The formation of the STC in Aden 2016 inspired hope that an independent state in the South was no longer a fata morgana. The movement had huge support throughout the south and the weakening authority of Hadi’s government, which had become a government-in-exile based in Saudi Arabia, placed the STC in an ideal negotiating position on the regional and international stage. But once again it failed to step up to the plate and its weakness in taking decisive political action during the last five years enabled Hadi to make political and military in roads into Hadhramaut, Shabwa and parts of Abyan.

Though the STC are nominal allies in a Saudi-led military coalition fighting the Houthis, the rivalry between the STC and Hadi’s government has led to a civil war within a civil war and the historic struggle between the south and the central government continues, opening old wounds.

Pressure from the Saudis prompted the STC’s declaration of self-rule in Aden in 2020, a move designed to influence the coalition to put more pressure on Hadi, to be abandoned in the hope that the Riyadh Agreement, always honoured more in the breach than in the observance, would finally be implemented. This lost the STC credibility within its own ranks and with the southern population. Southerners see themselves cheated out of their own state while others feel that ending the military conflict means accepting that independence is a long process and that kicking the ball into the long grass may be the only option feasible for now.

The STC’s survival as a political force for independence will be dependent on the way it explains the current complexities to its supporters and on the effectiveness of whatever new government, when and if it is formed, in providing critical services to the public. Many Southerners have become more concerned about the deteriorating economic situation, lack of electricity and clean water, and less concerned about the structure of their state.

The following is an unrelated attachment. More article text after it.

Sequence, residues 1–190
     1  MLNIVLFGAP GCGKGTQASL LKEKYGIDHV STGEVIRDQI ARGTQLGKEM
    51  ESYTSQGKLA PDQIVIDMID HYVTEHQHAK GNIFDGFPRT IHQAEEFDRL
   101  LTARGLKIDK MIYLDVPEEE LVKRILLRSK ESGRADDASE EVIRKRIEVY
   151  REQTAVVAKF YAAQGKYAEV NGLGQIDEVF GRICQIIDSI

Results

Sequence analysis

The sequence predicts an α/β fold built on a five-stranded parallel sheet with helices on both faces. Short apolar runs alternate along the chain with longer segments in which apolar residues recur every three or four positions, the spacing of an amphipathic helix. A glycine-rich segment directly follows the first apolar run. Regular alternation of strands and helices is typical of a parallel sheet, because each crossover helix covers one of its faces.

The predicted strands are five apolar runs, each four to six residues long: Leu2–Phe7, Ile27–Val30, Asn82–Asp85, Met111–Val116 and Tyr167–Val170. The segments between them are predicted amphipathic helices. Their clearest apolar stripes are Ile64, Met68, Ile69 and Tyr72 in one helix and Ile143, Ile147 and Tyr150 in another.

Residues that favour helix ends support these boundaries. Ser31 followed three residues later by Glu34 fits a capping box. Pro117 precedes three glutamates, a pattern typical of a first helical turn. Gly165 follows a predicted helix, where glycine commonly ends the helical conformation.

President Al-Zubaidi chairs a meeting of the STC Council
by video link from Riyadh

The conflict will most likely continue until both the STC and the Yemeni state have weakened significantly to provide the coalition with an opportunity to shape the political road map of Yemen in its own political and economic terms. But not all Southerners accept the controlling hand of Saudi Arabia and the UAE and some describe the coalition’s forces as occupation forces. Other Southern leaders and movements may replace the STC as the main player in South Yemen’s political game. (See Issue 3 of South Yemen Update for a guide to the South’s political parties and groups). Some Southern politicians hostile to the STC are making alliances with Turkey and Qatar which could lead to the creation of a new coalition. The Arab Weekly reported that Turkish intelligence activities, under the umbrella of humanitarian work, have increased, possibly preparing the ground for Turkish intervention in the southern provinces.

Riyadh knows that there is no military solution to the war in Yemen. At one point it was spending $5 billion a month supporting Hadi’s government. Crown Prince Muhammad bin Salman ignored Yemen’s history of frustrating invaders. He thought it would be short and sharp. Five years on, it has proved to be anything but. Now, with the possibility of a Biden victory in the U.S., which could spell the end of Washington’s support, there is more impetus to find some kind of resolution that will allow the Saudis to secure their border and minimize Iran’s support for the Houthis.

It is time for the STC to stop selling, bargaining, compromising and trading with Southern statehood. It has to ensure the South emerges from this brouhaha with a sovereign state. It has lost three major battles but the war can still be won. Every great crisis presents a great opportunity.

Karen Dabrowska - October 2020